Fraud levels in the UK are said to be at a 12 year high, with carousel fraud remaining the biggest problem for HM Revenue and Customs (HMRC).
Under carousel fraud, criminals claim for the repayment of VAT that was never paid in the first place on goods imported and exported to and from other European Union nations. In recent years, mobile phone and computer chips have been two of the main items used by carousel fraudsters.
The recent landmark ruling in the Livewire Telecom case has opened up the possibility for businesses innocently caught up in HMRC’s attacks on carousel fraud to pursue their case for VAT repayments.
Andy Ball, head of tax at accountancy firm, Cowgill Holloway, said:
“This decision is likely to be a major setback for HMRC, with businesses potentially claiming millions of pounds back in VAT claims which have been unfairly blocked by HMRC. It is quite likely that the recent cases of Condé Nast and Livewire Telecom are only the tip of the iceberg.”
HMRC had refused to repay £2m in tax to UK mobile phone trader, Livewire Telecom, on the suspicion that the company should have known they were trading in a carousel fraud chain. The VAT appeal has ruled that HMRC must repay Livewire’s claim with immediate effect.
Andy Ball continued: “The Livewire case illustrates just how important it is for businesses to seek proper professional advice to fight their corner. People need to be aware of the risks involved with carousel fraud.”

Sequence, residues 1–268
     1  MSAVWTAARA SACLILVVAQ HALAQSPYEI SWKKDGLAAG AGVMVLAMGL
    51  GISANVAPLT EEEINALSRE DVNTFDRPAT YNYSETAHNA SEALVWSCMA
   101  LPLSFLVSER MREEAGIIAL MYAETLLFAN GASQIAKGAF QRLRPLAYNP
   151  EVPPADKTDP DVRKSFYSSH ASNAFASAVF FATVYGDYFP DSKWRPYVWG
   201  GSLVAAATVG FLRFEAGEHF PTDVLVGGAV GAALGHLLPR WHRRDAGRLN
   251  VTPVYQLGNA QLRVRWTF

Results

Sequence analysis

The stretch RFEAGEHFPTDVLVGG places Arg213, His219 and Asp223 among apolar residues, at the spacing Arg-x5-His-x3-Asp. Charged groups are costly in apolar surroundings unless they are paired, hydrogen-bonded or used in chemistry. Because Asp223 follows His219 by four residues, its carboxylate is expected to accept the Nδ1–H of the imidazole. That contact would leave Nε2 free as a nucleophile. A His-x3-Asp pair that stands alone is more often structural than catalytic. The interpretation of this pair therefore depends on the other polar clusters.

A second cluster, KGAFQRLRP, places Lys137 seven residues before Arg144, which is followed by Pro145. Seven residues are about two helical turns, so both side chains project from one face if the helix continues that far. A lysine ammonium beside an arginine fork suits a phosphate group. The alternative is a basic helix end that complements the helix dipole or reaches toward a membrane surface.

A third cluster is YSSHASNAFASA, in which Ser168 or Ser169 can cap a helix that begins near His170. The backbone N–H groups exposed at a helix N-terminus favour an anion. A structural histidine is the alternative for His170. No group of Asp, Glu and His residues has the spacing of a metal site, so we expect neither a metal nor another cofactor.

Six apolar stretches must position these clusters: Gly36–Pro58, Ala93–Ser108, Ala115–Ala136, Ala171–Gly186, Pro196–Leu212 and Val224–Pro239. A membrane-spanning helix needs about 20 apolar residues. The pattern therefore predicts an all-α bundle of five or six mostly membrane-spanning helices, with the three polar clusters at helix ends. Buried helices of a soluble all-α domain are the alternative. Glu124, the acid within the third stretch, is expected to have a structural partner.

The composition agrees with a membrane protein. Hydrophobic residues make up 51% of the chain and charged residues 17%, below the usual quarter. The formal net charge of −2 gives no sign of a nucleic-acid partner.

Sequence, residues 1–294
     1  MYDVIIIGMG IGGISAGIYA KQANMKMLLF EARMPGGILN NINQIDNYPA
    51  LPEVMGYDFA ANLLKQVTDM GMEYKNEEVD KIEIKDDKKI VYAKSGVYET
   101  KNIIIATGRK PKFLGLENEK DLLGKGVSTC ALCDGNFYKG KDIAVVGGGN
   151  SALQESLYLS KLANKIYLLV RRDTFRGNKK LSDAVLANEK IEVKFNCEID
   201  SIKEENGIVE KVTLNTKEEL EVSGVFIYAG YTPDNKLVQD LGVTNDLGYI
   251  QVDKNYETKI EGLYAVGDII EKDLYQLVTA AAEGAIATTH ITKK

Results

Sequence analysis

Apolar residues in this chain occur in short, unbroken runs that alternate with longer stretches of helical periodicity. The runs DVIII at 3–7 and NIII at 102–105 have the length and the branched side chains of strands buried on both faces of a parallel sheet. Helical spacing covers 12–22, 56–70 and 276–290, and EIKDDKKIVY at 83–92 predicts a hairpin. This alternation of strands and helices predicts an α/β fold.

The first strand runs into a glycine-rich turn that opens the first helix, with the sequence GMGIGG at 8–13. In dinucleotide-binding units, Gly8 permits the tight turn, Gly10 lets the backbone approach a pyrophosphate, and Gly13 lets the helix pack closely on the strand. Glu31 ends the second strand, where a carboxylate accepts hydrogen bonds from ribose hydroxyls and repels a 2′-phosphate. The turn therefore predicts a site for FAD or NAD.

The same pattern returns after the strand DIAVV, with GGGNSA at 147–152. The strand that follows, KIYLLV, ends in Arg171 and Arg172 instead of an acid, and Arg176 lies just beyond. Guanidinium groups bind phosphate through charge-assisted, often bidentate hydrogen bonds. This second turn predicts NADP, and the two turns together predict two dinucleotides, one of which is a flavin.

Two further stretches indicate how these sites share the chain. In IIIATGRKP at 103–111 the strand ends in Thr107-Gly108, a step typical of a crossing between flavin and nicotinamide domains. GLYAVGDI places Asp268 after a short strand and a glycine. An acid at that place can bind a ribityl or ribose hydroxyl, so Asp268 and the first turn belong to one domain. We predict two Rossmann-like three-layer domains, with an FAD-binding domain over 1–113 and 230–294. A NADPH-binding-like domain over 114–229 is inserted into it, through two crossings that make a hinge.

Livewire was the first company to test the ruling in the Bond House case that said that the traders could only be denied from recovering input tax if they had knowledge or means of knowledge of the fraud.
It was found that HMRC could not prove that Livewire was aware of its part in a fraudulent chain, although there were some odd patterns of trading. It was said that HMRC could not count on traders knowing about carousel fraud and that HMRC would need to provide strong evidence of knowledge or means of knowledge. Traders only have to take reasonable precautions and should not have to police carousel fraud themselves.
HMRC is considering an appeal to the High Court to fight the Tribunal decision.
Andy Ball concluded: “Although Tribunals do not set precedents and the facts of each appeal will be different, Chairmen in other similar cases yet to be heard will be made aware of the Livewire decision and will no doubt bear it in mind when reaching their conclusions. However, at first sight, it is difficult to see what grounds of appeal on a matter of law HMRC might have given the essentially subjective nature of the matter under dispute.
“HMRC has had mixed success in the courts with its fight against carousel fraud. Livewire has stirred matters up again, which is no doubt why HMRC is appealing the case. Any companies with delayed claims in the pipeline, that hoped that the loss of Livewire would mean HMRC repaid them without the need for a hearing, will be disappointed. This case also shows yet again that each claim has to be considered separately on its own merits.”